Restoring Big Fish: Cooperative Research, Conservation, and Management Program for Fish Spawning Aggregations in the Wider Caribbean
AuthorsWilliam D. Heyman;Shinichi Kobara;Stuart Fulton;Nicanor Requena;Don Demaria;Michelle T. Schärer-Umpierre;Ana Salceda Download PDF Open PDF in Browser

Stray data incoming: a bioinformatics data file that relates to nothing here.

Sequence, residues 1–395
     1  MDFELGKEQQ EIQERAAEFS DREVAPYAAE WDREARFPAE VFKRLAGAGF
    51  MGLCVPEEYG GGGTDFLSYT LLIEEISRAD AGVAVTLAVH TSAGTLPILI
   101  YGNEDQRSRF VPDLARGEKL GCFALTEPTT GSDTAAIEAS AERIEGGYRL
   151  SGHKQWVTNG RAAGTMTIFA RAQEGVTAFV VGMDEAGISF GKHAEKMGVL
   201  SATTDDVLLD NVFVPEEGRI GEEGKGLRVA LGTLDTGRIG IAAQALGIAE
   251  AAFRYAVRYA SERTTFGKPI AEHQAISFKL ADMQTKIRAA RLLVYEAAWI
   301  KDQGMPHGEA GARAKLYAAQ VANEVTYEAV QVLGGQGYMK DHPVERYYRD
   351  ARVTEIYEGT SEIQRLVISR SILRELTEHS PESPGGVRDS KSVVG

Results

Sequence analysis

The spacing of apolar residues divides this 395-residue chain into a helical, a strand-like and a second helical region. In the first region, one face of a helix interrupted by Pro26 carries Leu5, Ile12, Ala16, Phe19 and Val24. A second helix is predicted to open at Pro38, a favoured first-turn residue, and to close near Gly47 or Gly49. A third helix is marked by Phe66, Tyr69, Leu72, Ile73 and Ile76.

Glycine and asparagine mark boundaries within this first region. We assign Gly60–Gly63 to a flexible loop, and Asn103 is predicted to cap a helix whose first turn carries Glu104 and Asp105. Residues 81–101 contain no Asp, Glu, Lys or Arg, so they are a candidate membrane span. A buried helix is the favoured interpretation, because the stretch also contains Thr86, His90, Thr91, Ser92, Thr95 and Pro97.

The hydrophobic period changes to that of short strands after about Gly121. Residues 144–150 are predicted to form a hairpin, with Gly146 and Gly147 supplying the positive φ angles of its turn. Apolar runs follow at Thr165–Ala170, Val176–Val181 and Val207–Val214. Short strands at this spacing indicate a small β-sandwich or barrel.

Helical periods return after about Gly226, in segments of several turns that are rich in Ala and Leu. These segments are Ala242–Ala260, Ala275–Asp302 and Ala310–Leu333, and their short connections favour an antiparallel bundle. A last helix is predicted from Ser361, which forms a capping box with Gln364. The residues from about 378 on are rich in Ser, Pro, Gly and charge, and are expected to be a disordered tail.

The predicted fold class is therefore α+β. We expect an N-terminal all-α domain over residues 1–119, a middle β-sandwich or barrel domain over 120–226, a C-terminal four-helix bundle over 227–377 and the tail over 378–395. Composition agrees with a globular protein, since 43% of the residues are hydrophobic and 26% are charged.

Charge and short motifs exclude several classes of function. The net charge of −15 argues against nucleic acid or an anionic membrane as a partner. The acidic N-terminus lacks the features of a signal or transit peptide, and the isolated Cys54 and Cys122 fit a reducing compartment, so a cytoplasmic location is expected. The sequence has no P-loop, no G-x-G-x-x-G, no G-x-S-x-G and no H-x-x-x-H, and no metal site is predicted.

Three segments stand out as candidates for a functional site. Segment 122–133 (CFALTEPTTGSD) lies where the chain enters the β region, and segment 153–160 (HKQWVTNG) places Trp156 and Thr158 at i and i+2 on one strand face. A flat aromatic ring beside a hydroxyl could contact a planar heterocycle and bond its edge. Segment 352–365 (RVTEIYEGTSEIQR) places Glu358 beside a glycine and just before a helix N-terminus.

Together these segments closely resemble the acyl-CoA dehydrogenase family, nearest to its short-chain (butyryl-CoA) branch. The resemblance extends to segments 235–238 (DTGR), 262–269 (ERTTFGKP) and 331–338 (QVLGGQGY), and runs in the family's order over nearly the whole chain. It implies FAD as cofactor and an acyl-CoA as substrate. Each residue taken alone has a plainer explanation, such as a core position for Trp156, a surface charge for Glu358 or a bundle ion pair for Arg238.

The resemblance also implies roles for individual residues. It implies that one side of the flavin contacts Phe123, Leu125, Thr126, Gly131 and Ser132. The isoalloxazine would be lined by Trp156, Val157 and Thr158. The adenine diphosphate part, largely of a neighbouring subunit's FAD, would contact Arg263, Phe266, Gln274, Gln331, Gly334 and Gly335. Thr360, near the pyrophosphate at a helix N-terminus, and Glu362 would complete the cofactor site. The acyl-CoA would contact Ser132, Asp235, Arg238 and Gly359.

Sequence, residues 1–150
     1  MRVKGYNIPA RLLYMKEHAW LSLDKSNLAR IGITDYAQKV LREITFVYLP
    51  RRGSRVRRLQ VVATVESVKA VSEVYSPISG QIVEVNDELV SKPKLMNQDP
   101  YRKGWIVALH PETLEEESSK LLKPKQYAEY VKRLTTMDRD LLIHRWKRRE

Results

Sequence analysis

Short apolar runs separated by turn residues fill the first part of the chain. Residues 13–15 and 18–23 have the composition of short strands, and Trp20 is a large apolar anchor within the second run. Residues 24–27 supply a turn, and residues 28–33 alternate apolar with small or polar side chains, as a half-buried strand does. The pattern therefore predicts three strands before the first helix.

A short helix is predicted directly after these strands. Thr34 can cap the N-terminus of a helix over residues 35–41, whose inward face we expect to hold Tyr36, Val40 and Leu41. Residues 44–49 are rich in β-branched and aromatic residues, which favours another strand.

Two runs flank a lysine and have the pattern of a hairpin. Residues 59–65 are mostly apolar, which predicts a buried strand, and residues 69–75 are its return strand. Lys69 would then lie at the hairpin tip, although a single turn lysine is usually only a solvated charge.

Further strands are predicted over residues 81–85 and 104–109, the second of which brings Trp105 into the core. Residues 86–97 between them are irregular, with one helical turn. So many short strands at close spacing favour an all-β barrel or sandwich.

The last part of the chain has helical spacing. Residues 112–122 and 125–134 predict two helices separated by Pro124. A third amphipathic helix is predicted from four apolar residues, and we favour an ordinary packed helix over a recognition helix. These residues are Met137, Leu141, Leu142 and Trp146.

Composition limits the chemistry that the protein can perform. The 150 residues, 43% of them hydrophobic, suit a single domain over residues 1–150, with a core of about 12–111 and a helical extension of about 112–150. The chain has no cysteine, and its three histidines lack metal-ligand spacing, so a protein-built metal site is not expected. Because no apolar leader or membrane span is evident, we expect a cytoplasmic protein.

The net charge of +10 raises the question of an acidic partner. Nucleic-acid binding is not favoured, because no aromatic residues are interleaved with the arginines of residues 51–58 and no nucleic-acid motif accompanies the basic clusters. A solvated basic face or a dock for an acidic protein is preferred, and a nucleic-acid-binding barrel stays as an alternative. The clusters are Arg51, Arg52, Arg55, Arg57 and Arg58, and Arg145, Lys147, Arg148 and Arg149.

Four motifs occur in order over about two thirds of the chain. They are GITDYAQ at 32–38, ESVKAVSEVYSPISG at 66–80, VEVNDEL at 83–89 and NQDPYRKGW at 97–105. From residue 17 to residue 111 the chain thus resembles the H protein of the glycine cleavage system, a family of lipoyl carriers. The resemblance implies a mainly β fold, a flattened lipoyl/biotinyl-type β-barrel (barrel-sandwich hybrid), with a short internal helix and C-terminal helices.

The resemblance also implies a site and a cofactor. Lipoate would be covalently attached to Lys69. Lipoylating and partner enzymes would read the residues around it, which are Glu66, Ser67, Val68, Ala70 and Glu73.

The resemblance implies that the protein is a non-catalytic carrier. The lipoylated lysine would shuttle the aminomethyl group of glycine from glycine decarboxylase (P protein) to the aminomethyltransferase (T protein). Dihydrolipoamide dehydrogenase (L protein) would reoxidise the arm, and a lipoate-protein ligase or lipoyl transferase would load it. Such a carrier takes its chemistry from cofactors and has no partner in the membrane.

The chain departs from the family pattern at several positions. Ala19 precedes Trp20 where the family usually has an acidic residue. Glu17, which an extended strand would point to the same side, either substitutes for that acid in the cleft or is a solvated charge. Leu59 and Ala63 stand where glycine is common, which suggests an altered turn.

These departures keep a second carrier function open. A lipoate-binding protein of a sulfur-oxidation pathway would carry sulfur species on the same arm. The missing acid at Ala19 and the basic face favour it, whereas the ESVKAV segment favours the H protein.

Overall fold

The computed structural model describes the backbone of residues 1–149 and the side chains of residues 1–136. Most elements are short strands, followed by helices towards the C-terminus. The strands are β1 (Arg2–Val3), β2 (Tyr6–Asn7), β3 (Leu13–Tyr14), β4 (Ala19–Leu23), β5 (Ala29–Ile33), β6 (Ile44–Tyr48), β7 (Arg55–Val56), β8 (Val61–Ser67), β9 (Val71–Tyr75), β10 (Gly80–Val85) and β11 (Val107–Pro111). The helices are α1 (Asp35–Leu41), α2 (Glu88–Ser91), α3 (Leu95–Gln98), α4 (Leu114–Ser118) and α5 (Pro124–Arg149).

Millions of people throughout the wider Caribbean depend on reef and coastal fisheries resources for their livelihoods, food security, and cultural identity. Many of the most valuable and highly sought species, e.g. many of the groupers and snappers, reproduce within fish spawning aggregations (FSA)s, where they are highly vulnerable to fishing. Many of these sites serve as productivity hotspots where multiple species from various taxonomic and trophic levels congregate for breeding and feeding. Multi-species FSA sites thus serve as ecosystem integrators where protecting small areas of the ocean can offer disproportionately large benefits to fisheries management and marine ecosystem conservation. The long-term vision of the Big Fish Program is to develop and maintain a cooperative, biophysical, integrated, and holistic research program at an expanding set of multi-species FSA locations that will serve as sentinel sites generating data and information useful for assessing and managing multi-species fisheries towards ecosystem resilience and health. The program aims to build broad consensus and cooperation among stakeholders and provide data to support stock assessments, marine spatial planning, marine protected areas, closed seasons, gear and traditional management measures such as gear, size, landings and access limits. Working at the regional scale, Big Fish offers a system to model and measure connectivity and potential impacts from fishing and climate change. Pending additional funding support, the program is being implemented in conjunction with regional partners and pilot programs in the Gulf of Mexico, the US South Atlantic, Mexico, the Mesoamerican Reef and Cuba.